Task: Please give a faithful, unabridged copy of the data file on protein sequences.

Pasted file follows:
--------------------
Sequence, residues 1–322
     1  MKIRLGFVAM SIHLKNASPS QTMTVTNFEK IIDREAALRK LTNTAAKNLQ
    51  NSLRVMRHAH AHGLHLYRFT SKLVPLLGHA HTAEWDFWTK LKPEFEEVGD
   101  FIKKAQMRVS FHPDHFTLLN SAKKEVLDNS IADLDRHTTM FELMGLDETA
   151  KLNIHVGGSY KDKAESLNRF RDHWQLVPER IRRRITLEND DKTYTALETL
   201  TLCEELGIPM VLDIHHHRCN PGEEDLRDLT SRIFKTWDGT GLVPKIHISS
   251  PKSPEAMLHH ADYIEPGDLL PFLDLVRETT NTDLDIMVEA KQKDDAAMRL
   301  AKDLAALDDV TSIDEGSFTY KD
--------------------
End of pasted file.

Sequence, residues 1–322
     1  MKIRLGFVAM SIHLKNASPS QTMTVTNFEK IIDREAALRK LTNTAAKNLQ
    51  NSLRVMRHAH AHGLHLYRFT SKLVPLLGHA HTAEWDFWTK LKPEFEEVGD
   101  FIKKAQMRVS FHPDHFTLLN SAKKEVLDNS IADLDRHTTM FELMGLDETA
   151  KLNIHVGGSY KDKAESLNRF RDHWQLVPER IRRRITLEND DKTYTALETL
   201  TLCEELGIPM VLDIHHHRCN PGEEDLRDLT SRIFKTWDGT GLVPKIHISS
   251  PKSPEAMLHH ADYIEPGDLL PFLDLVRETT NTDLDIMVEA KQKDDAAMRL
   301  AKDLAALDDV TSIDEGSFTY KD